The goodship Lillyanna and crew have just returned from another four day exploration of an area of the Great Lakes. This year we chose the northwest of Lake Huron, in Michigan USA as our destination, and this turned out to be a good choice due to the fine scenery and weather. The photo journal below chronicles our four days and three nights aboard the Lillyanna, a 1981 Compac 16, on which we stayed for all but two and a half hours of this journey. The crew consisted of myself and my brother Justin. We are familiar with the boat, and I implore anyone that takes on a journey over big water to take all safety precautions. Especially if you are in a small boat, do not go out on a cruise in forcasted bad weather. Safety upgrades made to my boat may be found here: http://www.argobuilder.com/compac-16-lillyanna.html
Left Merton Wisconsin at 3:55am and arrived at the St.Ignace Michigan launch on Lake Huron in six and a half hours. The launch was in great shape and cars with trailers may be parked over night. We prepaid $30 for four days.
Started with a beautiful easy sail across the channel towards Mackinac Island, when in the middle of the channel the wind died. The weather on the trip was perfect, 50'sF at night and mid 70'sF mid day, with 5-10kt winds between the south and east. Mackinac Island is a fun and unique place to visit, featuring perfectly restored 1800s to early 1900s period architecture, older forts, fun restaurants and shops, and the whole is made better by the complete absence of any motorized vehicles. Ubiquitous horse carts and buggies carry people and goods around the island and bikes are everywhere. In light of the nature of our destination, we refused to use the motor and proceeded to row. Our senses of humor and drive to make it to Mackinac without a motor motivated us to row our one ton (fully loaded with crew and provisions) craft, in our bow-ties for three hours till we came up to the dock on Mackinac Island. The dock charged $10 per person and $1 per foot; pricey, but we went for it.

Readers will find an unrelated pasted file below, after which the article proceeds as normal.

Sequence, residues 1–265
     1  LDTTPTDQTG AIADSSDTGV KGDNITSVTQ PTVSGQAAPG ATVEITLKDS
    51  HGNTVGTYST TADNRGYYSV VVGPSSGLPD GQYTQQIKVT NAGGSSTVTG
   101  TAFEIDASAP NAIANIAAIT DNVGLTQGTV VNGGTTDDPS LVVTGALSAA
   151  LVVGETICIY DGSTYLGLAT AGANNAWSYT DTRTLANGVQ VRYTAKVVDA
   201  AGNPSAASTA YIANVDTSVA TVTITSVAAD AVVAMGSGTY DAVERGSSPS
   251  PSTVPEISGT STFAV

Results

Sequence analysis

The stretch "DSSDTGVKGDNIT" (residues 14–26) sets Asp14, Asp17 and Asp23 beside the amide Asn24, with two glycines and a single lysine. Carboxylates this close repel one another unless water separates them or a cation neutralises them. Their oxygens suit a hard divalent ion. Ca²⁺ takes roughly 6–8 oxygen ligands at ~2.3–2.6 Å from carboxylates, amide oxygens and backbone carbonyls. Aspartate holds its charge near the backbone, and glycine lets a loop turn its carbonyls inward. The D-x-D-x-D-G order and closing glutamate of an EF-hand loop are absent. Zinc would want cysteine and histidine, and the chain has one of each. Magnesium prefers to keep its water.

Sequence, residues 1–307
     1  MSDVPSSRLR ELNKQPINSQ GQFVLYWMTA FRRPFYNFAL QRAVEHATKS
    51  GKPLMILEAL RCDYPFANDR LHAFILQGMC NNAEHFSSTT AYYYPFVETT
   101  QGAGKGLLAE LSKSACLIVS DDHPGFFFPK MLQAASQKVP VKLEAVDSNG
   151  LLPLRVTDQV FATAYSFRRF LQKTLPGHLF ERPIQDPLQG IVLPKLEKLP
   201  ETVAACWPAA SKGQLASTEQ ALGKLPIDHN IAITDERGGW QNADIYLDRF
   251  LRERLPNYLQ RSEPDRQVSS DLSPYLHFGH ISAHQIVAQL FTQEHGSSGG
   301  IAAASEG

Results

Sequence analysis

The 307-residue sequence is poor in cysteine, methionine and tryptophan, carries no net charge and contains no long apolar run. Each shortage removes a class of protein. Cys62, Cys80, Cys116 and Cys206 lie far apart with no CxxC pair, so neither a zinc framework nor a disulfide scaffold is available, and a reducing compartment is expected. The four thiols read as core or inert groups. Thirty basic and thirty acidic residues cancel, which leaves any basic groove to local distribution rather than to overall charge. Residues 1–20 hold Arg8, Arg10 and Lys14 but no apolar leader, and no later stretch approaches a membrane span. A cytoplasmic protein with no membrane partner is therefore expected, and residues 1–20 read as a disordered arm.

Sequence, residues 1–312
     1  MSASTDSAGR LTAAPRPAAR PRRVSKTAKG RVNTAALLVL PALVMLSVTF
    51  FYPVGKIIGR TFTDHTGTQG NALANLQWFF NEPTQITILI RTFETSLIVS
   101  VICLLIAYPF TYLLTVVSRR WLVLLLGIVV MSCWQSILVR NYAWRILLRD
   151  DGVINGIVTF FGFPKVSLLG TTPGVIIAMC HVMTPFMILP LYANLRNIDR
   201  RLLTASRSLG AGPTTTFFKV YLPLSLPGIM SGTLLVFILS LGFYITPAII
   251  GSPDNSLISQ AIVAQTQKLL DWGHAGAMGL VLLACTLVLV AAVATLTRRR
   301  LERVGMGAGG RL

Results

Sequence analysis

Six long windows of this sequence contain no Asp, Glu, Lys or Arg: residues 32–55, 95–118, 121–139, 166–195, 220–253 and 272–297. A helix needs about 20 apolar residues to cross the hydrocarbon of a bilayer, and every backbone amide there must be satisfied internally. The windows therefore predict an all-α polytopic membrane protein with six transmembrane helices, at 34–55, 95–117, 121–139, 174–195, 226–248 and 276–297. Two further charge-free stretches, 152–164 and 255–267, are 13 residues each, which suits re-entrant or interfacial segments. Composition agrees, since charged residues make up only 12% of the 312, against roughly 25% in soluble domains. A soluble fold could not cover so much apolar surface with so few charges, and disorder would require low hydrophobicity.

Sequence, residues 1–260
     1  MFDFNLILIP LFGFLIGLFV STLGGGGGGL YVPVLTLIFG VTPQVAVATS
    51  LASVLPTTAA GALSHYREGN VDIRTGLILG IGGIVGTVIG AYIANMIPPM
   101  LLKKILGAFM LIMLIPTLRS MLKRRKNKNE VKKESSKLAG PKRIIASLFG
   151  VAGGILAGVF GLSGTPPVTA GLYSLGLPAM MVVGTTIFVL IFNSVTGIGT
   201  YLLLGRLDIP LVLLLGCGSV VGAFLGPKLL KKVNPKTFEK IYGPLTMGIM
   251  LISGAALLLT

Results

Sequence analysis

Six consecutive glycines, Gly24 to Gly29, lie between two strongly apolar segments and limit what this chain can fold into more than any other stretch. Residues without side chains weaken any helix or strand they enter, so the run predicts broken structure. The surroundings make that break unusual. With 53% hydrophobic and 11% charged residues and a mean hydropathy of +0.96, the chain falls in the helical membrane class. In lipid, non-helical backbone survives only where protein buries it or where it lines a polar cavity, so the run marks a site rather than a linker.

We walked around the town, and up to the famous old Grand Hotel, where we had two drinks and took in the view. There is still a coat and tie dress code; luckily we were prepared.
There are very frequent and very fast, large ferries coming and going into the Mackinac Island harbor. In addition there are frequent massive freighter ships passing through the small straight between Mackinac and Round Islands. A small boat would be tossed around significantly if anchored in that area, so we decided to anchor on the southeast corner of Round Island, in the channel between Round Island and Bois Blanc Island. We found a pretty little spot and due to the shallow bottom which had many large rocks in it, there were very few boats, especially large ones. Be careful navigating here, not to run aground or strike a rock.
We experienced the doldrums for about an hour, halfway across on our way to Les Cheneaux, and then the wind shifted and came nearly from the direction we needed to head. We beat into this for three hours. This was a good opportunity to get some cool photos of the bow of the Compac 16 breaking into the waves (Iphone almost wound up in the lake...).